Monday was busy for Barclays . The U.K. makes all kinds of fun demands, and it recently came to light that one of those demands was for much, much more capital than Barclays currently has on hand. When I say "more," I of course mean £7 billion more. Yesterday, the bank announced that it would be looking to raise the capital through a new share offering, and today it announced that that offering would be for £5.8 billion.
Yesterday, the bank was also named in a lawsuit being brought against LIBOR-setting banks by the city of Philadelphia. The city is suing based on the premise that the LIBOR was manipulated by the banks in such a way that hedging instruments that the city used were turned in the banks' favor.
Barclays also found out that the U.K. may have finally hit the peak for claims against banks based on misselling of payment protection insurance (PPI), a scandal that has caused U.K. banks to set aside £14 billion for potential damages. Barclays has reportedly set aside £2.6 billion, which isn't helping that capital ratio.
Problem with a capital "P"
The biggest issue facing Barclays is its capital shortage. All U.K. banks are facing the same measures, but some have managed to get their houses in even worse order. Analysts have estimated that Deutsche Bank is about 12.3 billion euros shy of its requirement and is going to have to either raise capital or cut down the size of its balance sheet to make the minimum requirements.
For British banks, capital requirements have become a touchy subject. The shortfall that banks are experiencing has led some to lobby regulators for lower capital requirements, and has some politicians claiming that high requirements are holding the country back. The theory is that the banks have been unwilling to lend since the capital they have on hand is needed to bulk out their assets.
Barclays fell into the capital shortfall trap along with RBS and Lloyds . Lloyds, especially, is going to be watching how smoothly Barclays' new issuance goes. The bank reported stronger than expected earnings last week, and the success has opened up the possibility that the U.K. government may be able to start selling off its stake. The Barclays' issuance could provide a good temperature check of the market, and help move that action along.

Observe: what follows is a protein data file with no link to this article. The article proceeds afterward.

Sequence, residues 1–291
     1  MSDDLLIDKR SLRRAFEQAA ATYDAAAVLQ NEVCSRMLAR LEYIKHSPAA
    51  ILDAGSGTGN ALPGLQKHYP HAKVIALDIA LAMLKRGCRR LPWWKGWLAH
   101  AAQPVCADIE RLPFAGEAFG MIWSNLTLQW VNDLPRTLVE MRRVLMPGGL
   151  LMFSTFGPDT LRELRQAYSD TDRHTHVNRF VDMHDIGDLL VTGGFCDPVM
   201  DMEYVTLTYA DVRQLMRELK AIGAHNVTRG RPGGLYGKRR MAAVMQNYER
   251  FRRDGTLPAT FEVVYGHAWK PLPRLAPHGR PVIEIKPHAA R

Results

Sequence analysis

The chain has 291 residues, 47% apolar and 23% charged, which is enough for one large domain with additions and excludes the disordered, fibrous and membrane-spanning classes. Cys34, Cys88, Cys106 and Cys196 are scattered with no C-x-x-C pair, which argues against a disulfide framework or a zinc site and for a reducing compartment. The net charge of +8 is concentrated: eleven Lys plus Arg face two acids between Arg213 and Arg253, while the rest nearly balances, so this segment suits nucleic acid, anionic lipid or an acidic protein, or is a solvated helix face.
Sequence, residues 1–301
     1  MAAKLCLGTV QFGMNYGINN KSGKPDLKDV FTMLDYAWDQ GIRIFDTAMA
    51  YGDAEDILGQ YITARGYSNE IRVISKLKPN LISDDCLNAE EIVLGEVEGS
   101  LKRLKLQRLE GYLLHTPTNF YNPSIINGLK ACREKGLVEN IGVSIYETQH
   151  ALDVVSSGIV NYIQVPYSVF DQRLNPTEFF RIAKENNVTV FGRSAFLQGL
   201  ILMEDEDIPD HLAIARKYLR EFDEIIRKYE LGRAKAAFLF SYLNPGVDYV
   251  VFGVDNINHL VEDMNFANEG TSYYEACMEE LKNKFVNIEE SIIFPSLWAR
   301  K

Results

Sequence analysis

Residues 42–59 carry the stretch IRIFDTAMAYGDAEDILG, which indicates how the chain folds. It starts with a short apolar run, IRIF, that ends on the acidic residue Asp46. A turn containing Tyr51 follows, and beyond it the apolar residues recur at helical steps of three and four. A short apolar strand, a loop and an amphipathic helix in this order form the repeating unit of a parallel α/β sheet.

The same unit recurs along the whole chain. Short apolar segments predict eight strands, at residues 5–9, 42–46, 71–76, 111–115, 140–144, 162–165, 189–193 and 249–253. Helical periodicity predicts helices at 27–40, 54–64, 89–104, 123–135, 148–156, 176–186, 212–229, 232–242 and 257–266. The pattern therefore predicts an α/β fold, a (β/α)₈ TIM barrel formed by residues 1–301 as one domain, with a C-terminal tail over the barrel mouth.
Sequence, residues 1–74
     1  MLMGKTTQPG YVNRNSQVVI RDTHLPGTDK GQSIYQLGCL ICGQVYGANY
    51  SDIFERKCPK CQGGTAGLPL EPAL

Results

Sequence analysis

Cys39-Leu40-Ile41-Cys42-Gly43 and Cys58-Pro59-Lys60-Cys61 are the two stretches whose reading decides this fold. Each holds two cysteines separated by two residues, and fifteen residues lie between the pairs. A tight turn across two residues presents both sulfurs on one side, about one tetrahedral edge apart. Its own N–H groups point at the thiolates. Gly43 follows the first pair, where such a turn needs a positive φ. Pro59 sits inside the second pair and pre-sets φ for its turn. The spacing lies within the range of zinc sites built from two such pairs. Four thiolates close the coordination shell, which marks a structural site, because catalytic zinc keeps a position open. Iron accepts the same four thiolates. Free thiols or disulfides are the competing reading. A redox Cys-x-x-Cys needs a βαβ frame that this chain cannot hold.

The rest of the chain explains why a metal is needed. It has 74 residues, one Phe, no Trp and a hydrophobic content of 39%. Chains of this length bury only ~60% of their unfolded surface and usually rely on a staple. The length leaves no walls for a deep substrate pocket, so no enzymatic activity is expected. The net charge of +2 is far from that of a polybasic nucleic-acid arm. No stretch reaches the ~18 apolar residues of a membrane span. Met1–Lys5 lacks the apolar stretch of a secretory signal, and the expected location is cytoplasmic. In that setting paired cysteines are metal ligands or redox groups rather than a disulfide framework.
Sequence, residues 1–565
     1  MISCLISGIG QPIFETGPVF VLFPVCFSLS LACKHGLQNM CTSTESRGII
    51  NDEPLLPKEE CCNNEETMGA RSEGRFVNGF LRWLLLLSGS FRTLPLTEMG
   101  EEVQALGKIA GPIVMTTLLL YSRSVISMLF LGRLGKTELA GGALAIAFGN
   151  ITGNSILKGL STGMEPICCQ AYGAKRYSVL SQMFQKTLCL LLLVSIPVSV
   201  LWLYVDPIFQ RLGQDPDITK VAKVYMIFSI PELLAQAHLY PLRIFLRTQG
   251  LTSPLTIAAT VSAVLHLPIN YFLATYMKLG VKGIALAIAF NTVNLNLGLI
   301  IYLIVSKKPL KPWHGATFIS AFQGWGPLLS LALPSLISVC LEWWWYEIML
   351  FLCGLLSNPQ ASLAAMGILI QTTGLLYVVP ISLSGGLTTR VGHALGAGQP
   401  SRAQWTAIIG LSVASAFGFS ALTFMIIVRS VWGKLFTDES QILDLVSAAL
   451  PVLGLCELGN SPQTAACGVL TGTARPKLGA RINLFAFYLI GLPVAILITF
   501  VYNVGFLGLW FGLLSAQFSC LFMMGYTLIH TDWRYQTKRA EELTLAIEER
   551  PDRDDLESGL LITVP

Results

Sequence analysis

The next steps for Barclays
With so much up in the air, it's no surprise that Barclays shares are bouncing around. The newest fundraising news hit the markets hard, and the stock has fallen more than 10% this week. CEO Antony Jenkins is still hopeful, though, and believes that once the capital has been raised to meet the June 2014 deadline, things should begin growing again. He has also said that some of the damage to the share prices of Barclays, Lloyds, and other U.K. banks comes from the uncertainty around the future of regulation. His hope is that with this round of fundraising, those issues will begin to be resolved, helping lift stock prices.
Overall, there is still clearly risk in investing in Barclays. The bank has committed to increasing its dividend in order to make the newly issued shares more palatable, but that raises the risk that Barclays won't be able to hold on to as much capital in the future -- or that it has to renege on its dividend commitment. I still like Jenkins and the plan he has for Barclays, but things just refuse to settle down into a new normal. Until they do, I'll be nervous.
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The article Barclays Looks for a Path Out of the Murk originally appeared on Fool.com.
Fool contributor Andrew Marder owns shares of Barclays. The Motley Fool has no position in any of the stocks mentioned. Try any of our Foolish newsletter services free for 30 days. We Fools may not all hold the same opinions, but we all believe that considering a diverse range of insights makes us better investors. The Motley Fool has a disclosure policy.
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